Tag Archives: Bourbon Whiskey

The Beauty in Bourbon’s History

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Spirits Tank, George T. Staggs Distillery, Buffalo Trace Distillery, Frankfort, KY.  

Whiskey making has been an integral part of American history since frontier times. Kentucky is home to more barrels of bourbon than people, and ninety-five percent of all of America’s native spirit is produced in the Bluegrass State. In Kentucky, early settlers brought stills to preserve grain, and they soon found that the limestone-filtered water and the unique climate of the scenic Bluegrass region made it an ideal place for the production of barrel-aged liquor. And so, bourbon whiskey was born.

More than two hundred commercial distilleries were operating in Kentucky before Prohibition, but only sixty-one reopened after its repeal in 1933. Though the businesses were gone, most of the buildings remained, unused, slowly deteriorating for decades. Now, thanks in large part to the explosion of interest in craft bourbon, many of these historic buildings are being brought back to life, often as new distilleries. As the popularity of America’s native spirit increases worldwide, many historic distilleries are being renovated, refurbished, and brought back into operation.

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Spears Warehouse, Second Floor, Jacob Spears Distillery, Bourbon County, KY.

In The Birth of Bourbon: A Phorographic Tour of Early Distilleries, award-winning photographer Carol Peachee takes readers on an unforgettable tour of lost distilleries as well as facilities undergoing renewal, such as the famous Old Taylor and James E. Pepper distilleries in Lexington, Kentucky. This beautiful book also includes spaces that well-known brands, including Maker’s Mark, Woodford Reserve, Four Roses, and Buffalo Trace, have preserved as a homage to their rich histories. By using a photography technique called high-dynamic-range imaging (HDR), Peachee captures the vibrant and haunting beauty of the distilleries. HDR photography is a process that layers three or more images taken of the same scene at different shutter speeds. The technique creates a fuller range of luminosity and color and gives the photographs a striking, ethereal quality.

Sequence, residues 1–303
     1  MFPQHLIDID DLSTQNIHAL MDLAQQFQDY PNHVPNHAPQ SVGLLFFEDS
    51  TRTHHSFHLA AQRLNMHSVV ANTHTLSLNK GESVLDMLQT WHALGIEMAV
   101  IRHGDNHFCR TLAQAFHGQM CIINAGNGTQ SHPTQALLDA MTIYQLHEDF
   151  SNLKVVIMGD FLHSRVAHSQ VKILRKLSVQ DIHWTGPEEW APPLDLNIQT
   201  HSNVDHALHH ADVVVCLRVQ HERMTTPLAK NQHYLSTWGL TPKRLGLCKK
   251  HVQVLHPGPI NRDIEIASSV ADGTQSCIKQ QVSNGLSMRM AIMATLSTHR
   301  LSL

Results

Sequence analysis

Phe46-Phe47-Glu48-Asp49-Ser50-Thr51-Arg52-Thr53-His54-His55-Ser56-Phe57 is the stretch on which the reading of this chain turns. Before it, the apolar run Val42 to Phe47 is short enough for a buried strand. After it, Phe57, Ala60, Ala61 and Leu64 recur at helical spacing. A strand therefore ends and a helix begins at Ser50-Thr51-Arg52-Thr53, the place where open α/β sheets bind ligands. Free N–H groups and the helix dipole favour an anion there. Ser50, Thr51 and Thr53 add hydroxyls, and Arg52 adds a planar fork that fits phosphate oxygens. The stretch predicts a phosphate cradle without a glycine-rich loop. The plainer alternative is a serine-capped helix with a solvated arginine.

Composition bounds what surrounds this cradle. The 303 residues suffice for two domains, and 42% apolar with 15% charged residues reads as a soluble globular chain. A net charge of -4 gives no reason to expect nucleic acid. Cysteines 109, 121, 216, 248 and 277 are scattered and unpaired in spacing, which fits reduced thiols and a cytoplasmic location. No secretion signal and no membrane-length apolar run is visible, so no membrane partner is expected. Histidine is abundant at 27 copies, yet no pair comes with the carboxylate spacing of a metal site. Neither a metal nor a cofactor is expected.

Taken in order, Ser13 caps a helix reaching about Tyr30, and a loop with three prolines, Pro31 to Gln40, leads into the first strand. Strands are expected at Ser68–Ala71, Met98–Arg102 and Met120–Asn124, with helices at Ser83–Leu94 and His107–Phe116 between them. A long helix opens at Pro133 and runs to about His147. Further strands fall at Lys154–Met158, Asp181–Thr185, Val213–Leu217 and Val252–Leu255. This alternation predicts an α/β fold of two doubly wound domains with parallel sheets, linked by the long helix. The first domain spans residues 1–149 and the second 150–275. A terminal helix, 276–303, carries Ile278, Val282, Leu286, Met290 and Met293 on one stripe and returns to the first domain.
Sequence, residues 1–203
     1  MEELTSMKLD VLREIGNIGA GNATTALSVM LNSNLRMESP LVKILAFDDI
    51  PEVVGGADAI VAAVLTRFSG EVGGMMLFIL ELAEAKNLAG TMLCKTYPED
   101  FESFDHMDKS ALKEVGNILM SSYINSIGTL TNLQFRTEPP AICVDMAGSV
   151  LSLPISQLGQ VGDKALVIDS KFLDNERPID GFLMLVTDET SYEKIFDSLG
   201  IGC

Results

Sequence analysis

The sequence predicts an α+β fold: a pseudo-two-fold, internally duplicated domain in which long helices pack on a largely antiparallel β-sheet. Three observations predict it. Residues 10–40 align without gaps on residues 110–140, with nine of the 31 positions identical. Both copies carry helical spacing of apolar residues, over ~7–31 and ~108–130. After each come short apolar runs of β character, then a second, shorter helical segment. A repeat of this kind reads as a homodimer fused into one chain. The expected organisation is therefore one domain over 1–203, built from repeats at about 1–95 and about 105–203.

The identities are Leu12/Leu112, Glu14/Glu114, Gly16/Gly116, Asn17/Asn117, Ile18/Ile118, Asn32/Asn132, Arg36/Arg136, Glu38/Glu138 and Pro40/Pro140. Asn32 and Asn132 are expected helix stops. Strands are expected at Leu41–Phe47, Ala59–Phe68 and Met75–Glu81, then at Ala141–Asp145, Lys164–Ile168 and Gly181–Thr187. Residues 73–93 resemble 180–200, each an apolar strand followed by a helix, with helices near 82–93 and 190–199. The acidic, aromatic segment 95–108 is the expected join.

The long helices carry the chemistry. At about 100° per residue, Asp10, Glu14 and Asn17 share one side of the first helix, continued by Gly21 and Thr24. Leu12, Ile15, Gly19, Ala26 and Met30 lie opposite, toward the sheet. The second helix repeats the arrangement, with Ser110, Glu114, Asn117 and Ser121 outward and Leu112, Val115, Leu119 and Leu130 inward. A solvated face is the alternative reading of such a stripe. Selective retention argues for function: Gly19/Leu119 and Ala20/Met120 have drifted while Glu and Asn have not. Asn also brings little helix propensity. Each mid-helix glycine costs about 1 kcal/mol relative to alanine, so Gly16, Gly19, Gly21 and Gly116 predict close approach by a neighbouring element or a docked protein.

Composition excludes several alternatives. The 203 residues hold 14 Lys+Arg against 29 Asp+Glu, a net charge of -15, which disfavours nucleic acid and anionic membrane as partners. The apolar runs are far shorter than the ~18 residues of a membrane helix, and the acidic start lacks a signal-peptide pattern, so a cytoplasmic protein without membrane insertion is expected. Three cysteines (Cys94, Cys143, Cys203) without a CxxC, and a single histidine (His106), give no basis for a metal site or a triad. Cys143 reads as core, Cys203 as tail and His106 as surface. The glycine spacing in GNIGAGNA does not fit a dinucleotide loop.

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Knobs and Pipes, J.E. Pepper Distillery, Lexington, KY. 

“Photographed again today,” Peachee explains, “they would look different, which would make some of the images, barely four years old, a relic in their own right.” In 2010, the James E. Pepper Distillery in Lexington was the first set of ruins that she photographed. Four years later, the location was repurposed and commercialized.

Just months after Peachee visited the Old Crow Distillery in Millville, the ruins were sold to entrepreneurs who built Castle & Key Distillery, home to Kentucky’s first female Master Distiller Marianne Barnes. Likewise, the Dowling Distilleries warehouse in Burgin was photographed in the process of being torn down. Major buildings at other sites like Buffalo Springs Distillery in Stamping Ground did not survive to be photographed.

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Pillar and Engine, Old Crow Distillery, Woodford County, KY.

As more and more historical distilleries are lost or altered, these images provide an important glimpse of the past and detailed insight on Kentucky’s relationship with bourbon. The Birth of Bourbon is a tour of Kentucky bourbon heritage that might have otherwise been lost if not for Peachee’s determination to save it. The results not only document what remains, but they also showcase the beauty of these sites through a meditation on impermanence, labor, time, presence, and loss.

Carol Peachee is a fine art photographer and cofounder of the Kentucky Women’s Photography Network. She is the winner of the 2010 Elizabeth Fort Duncan Award in photography from the Pennyroyal Art Guild.

 

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A Toast to National Bourbon Heritage Month

September is a most wonderful time—when the weather starts to cool, leaves start to turn, and the world turns its attention to the Commonwealth for National Bourbon Heritage Month! We’ll be celebrating this genteel and genuinely Kentucky holiday with cocktail and food recipes, new books, and a trip to the Kentucky Bourbon Festival.